The council may not have anyone with a police background because it is not necessary, she added. But, she is confident that there will be someone on the board with a background in law enforcement.

“There are individuals who would be willing to serve, who have big ideas, who, as a police officer or law enforcement official, probably because they were under duress from a union or whatever, wouldn’t present their ideas – but it would give them the opportunity,” Hill said.

None of the plans require council members to undergo training on what it is like to work in law enforcement.

Hill added that citizens, not the police, should be the priority of this council.

“I don’t want them to be lawyers; I want them to be citizens. I don’t want them to be police; I want them to be citizens who have a vested interest in moving us forward,” Hill said. “If we keep doing what we’ve always done, we’ll always get what we’ve always gotten. We have to do something different, and I think that strikes a good balance.

For the already approved ordinance, Emily Collins of the mayor’s office added that if they wanted citizens to be in the majority, they felt it was important to require at least one person who knew the police.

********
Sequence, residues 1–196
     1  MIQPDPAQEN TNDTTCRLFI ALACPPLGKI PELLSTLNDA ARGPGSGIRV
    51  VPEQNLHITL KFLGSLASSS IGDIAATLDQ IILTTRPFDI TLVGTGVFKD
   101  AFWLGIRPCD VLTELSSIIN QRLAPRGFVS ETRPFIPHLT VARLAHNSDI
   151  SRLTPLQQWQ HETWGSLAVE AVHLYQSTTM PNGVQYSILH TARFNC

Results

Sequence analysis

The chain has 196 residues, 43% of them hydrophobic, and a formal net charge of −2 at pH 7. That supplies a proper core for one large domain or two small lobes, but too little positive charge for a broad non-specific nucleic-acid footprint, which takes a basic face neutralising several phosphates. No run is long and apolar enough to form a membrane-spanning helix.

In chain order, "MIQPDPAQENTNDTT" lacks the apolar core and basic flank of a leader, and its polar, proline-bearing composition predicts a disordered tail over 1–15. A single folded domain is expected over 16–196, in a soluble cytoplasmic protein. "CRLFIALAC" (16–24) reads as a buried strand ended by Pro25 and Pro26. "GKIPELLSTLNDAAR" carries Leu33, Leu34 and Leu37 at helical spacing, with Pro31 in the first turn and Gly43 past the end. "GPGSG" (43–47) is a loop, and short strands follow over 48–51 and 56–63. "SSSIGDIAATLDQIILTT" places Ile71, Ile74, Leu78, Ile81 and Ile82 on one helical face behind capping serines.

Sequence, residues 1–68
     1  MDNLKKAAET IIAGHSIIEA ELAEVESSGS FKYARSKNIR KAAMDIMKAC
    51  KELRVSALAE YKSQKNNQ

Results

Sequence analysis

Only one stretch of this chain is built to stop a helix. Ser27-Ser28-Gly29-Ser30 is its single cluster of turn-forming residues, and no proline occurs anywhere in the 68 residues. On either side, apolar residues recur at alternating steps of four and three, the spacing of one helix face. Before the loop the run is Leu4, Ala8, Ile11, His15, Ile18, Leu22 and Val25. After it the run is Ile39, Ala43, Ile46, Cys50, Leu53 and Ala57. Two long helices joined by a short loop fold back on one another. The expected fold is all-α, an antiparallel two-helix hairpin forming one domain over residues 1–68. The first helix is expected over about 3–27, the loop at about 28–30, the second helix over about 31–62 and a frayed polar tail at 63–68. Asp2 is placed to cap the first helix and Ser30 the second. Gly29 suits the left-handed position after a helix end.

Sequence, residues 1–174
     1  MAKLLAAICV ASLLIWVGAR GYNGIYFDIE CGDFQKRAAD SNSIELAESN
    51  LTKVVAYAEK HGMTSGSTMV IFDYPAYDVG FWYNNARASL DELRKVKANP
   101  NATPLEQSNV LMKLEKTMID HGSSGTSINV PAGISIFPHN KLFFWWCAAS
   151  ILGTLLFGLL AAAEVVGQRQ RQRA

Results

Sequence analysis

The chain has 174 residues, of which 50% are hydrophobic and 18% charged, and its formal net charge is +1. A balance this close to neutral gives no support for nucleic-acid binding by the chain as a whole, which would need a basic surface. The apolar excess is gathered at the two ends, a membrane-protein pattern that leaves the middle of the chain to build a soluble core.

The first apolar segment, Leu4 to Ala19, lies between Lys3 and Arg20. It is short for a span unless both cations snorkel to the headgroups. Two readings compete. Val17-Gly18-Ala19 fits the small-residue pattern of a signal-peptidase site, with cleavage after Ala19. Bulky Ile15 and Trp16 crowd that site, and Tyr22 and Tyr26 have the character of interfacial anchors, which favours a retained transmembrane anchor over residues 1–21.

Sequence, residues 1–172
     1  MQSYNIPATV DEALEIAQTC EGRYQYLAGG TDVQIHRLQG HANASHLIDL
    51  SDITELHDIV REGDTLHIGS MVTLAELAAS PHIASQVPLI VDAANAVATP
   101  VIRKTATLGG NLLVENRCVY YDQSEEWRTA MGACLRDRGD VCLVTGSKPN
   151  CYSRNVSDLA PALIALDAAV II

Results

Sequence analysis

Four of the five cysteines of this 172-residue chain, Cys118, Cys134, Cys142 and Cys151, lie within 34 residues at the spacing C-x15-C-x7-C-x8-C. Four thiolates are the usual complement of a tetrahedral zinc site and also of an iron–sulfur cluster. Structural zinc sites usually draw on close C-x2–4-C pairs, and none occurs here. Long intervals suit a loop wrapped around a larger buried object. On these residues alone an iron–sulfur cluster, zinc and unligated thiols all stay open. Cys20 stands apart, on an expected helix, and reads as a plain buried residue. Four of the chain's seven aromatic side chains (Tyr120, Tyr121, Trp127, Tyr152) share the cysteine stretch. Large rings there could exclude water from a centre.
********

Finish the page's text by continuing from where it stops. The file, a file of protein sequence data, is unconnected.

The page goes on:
“It’s called a citizen’s council; we want that disconnect. But it’s also extremely helpful to have someone with a law enforcement background,” Collins said. “So having at least one member with that background can be informative, but it also doesn’t control how a board works.”

other qualifications

Another listener asked if boards have any requirements regarding their demographic makeup, such as racial and gender diversity.

There are no such requirements in the proposed charter amendment, Hill said, but she does recommend diversity in age, race and sexual orientation.

There are also no specific race or gender requirements in the ordinance already approved by the council, added Collins from the mayor’s office.

Other cities that put racial quotas on their review boards have been sued, she said.

It will be up to the mayor and city council members to prioritize diversity in their appointments, Collins said.

We’re also looking for at least one resident from each neighborhood, so making sure that diversity is reflected in, you know, that neighborhood-by-neighborhood choice is probably going to be a little tricky,” she said. “We are waiting [council members] take a lot of time to think about various choices, and I know the mayor is very interested in doing the same.

The charter amendment requires no more than two residents from each council ward.

How to register

Peter asked, “How can an average Joe join the council?”

The city is currently accepting applications until October 31st for the review board that has already been approved. Individuals can complete the application on the city’s website or in person at the downtown municipal building, Collins said.

They have already received 16 applications at the time of this publication, she added.

Nominations would also be required for the review panel proposed in the charter amendment, added Judi Hill of the NAACP.

The Charter Amendments supersede the Ordinances, so the current Review Board would have to be amended to accommodate the Charter Amendment if it passes in November.